Actions speak louder than words, as the old saying goes. So why does the media focus so much attention on what Wall Street says about companies, instead of what it does with them?

Luckily for Wall Street watchers, the Internet brings us MSN Money's list of which companies the institutions are buying. True, we should be as skeptical of Wall Street's actions as we are of its words. But when the 170,000-plus lay and professional investors on Motley Fool CAPS agree with Wall Street's opinions, it just might be time for some buying.

Here's the latest edition of Wall Street's Buy List, alongside our investors' opinions of the companies involved:


Recent Price

CAPS Rating

(out of 5)

Smith Micro Software (Nasdaq: SMSI) $15.13 *****
Orient Paper (NYSE: ONP) $6.90 ***
iStar Financial $5.68 **
Las Vegas Sands (NYSE: LVS) $51.98 **
Avanir Pharmaceuticals (Nasdaq: AVNR) $4.79 *

Companies are selected from the "Institutional Ownership Up Last Month" list published on MSN Money after close of trading on Friday. Recent price provided by Yahoo! Finance. CAPS ratings from Motley Fool CAPS.

Wall Street vs. Main Street
Up on Wall Street, the professionals think these are five stocks are the greatest things since sliced bread. (And by "bread," I mean money.) But not all of our CAPS members are convinced. Beginning at the bottom, we see Avanir Pharmaceuticals popped as predicted last week on positive FDA data. But with Avanir costing twice as much as it did a week ago, Fools have cut its CAPS rating in half on the premium price tag.

Las Vegas Sands ... yes, they turned a profit in the third quarter. But the company's still carrying more than $10 billion in debt, and racking up more. The money spent on capex last quarter alone was nearly enough to wipe out every red cent in operating cashflow brought in in all of last year. And speaking of debt, iStar Financial pleased investors with plans announced to repay $1 billion of its own debt last month. Still, that will be $1 billion down, and $7.5 billion to go.

On a more positive note, investors are beginning to wonder whether three-star rated Orient Paper might be turning a page. Why? No mystery here -- the stock sells for a P/E of only 6, and the company's somehow managing to earn a plump 13% profit margin from pulp. Yet even this value opportunity pales in investors' eyes, when placed next to the growth prospects at five-star-rated Smith Micro. Let's find out why "growth" trumps "value" this week, as we examine ...

The bull case for Smith Micro Software
It's been nearly three years since CAPS member aprato64 first introduced us to Smith Micro as a company with "no debt, millions in cash [and a] strong relationship with Verizon (NYSE: VZ)." aprato64 predicted back then that "the future of this company [is] the software, particularly StuffIt Wireless."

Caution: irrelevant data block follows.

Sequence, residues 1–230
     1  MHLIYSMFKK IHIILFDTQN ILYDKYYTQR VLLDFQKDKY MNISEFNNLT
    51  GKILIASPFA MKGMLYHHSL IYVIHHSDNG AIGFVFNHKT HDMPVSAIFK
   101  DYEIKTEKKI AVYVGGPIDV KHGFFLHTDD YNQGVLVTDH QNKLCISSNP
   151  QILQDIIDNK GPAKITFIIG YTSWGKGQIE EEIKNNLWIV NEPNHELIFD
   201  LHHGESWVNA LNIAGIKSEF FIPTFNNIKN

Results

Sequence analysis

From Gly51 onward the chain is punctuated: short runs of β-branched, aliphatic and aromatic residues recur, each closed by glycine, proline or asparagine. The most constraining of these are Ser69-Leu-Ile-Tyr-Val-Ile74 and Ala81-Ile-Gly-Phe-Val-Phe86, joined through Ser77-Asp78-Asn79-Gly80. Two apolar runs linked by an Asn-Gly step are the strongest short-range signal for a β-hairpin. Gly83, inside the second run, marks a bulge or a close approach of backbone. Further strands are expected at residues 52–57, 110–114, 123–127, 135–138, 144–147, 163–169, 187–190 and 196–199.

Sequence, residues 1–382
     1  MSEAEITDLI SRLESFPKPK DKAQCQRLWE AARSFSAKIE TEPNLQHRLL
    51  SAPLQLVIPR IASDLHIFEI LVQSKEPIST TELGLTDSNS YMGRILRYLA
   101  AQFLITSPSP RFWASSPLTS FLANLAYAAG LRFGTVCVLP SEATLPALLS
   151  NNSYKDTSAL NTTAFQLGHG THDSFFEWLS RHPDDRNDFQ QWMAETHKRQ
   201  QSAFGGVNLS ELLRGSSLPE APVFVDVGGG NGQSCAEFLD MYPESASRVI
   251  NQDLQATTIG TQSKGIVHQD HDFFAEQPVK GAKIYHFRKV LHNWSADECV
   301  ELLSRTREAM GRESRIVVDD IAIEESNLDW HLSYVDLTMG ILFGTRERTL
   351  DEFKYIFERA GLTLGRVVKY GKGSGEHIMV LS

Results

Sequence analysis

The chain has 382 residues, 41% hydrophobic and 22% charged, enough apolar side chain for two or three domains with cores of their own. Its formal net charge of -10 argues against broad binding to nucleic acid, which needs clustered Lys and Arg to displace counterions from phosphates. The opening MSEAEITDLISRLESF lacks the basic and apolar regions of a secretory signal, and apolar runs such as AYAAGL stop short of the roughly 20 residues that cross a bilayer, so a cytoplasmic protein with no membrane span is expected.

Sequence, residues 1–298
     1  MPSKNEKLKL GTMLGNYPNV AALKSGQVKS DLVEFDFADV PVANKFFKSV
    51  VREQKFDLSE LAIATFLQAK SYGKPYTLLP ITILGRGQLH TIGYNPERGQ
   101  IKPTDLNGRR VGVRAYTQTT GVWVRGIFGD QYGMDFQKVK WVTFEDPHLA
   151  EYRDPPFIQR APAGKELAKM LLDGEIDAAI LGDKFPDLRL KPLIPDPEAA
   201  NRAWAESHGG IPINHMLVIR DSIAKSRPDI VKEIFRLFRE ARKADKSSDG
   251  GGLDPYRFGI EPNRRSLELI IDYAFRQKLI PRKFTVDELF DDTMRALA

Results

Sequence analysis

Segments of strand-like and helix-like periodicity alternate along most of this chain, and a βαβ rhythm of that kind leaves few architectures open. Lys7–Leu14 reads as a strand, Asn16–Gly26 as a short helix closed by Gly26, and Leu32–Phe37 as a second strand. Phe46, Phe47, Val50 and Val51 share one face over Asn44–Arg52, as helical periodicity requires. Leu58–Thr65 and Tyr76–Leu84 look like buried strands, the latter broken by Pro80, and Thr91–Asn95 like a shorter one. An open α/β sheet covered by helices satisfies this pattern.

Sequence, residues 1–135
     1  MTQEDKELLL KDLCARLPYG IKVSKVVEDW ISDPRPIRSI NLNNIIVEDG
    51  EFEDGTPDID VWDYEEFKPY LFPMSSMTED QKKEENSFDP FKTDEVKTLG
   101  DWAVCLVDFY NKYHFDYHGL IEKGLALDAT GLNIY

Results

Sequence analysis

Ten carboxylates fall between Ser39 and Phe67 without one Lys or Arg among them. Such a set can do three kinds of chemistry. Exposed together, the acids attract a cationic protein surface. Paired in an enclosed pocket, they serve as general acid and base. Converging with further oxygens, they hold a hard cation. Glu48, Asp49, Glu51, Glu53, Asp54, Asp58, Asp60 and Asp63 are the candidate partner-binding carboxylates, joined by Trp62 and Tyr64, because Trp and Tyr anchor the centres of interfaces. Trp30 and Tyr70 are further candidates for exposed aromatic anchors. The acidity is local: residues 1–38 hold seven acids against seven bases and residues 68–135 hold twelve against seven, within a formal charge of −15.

Fast forward three years, and CAPS All-Star TheBlindCat now calls Smith Micro "a good play on Mobile and Cloud Computing. Explosive growth in both areas and Smith Micro has been in the thick of it from the beginning."

CraigMiles echoes the sentiment with a few bulletpoints: "Increasing Revenue ... Low but Consistent ROIC ... Consistent FCF ... No Debt."

All of which remains true today. Last week, Smith Micro reported third quarter 2010 results headlined by a "record revenue quarter" in which revenues rose 22% to $34 million, and earnings of $0.09 per share. The company boasts a higher gross profit margin than even bigger rivals such as Cisco (Nasdaq: CSCO) and Microsoft (Nasdaq: MSFT), is as debt-free as ever (and in fact, sports $57.5 million worth of cash, equivalents, and short-term investments on its balance sheet.) And with $15.1 million in trailing free cash flow to its credit, the company generates nearly twice as much free cash as its official GAAP earnings numbers suggest. What's not to like?

Glad you asked
Because in fact, I do not like Smith Micro. I do not agree with Wall Street, or with our CAPS community either, that this stock is a "buy."

Why not? Because the valuation here just plain doesn't work. $15 million in trailing free cash flow is an impressive number, yes. But the fact remains that at today's share price, it translates into Smith Micro selling for 34 times annual free cash flow. To me, this seems an excessive price to pay for a company that most folks on Wall Street believe will only grow 16% per year over the next five years. When you notice that the company is in fact currently growing free cash flow at closer to a 10% annual rate -- despite growing revenues 22% last quarter -- the overvaluation grows just that much more apparent.

Time to chime in
To me, this is a simple case of: Good company, lousy stock price. Which is why I saw, if this is the kind of stock Wall Street wants to buy ... they're welcome to it.

But hey -- there's no law that says you have to agree. If you know of a reason why this stock might be worth what it costs, here's your chance to set me straight. Click over to Motley Fool CAPS today, and tell me why I'm wrong.

Motley Fool CAPS: It's fun, it's free ... and it might even make you famous.

Fool contributor Rich Smith  does not own shares of any company named above. You can find him on CAPS, publicly pontificating under the handle TMFDitty, where he's currently ranked No. 675 out of more than 170,000 members. The Fool has a disclosure policy.

Microsoft is a Motley Fool Inside Value choice. The Fool has written calls (Bull Call Spread) on Cisco Systems. Motley Fool Options has recommended a diagonal call position on Microsoft. The Fool owns shares of Microsoft.

True to its name, The Motley Fool is made up of a motley assortment of writers and analysts, each with a unique perspective; sometimes we agree, sometimes we disagree, but we all believe in the power of learning from each other through our Foolish community.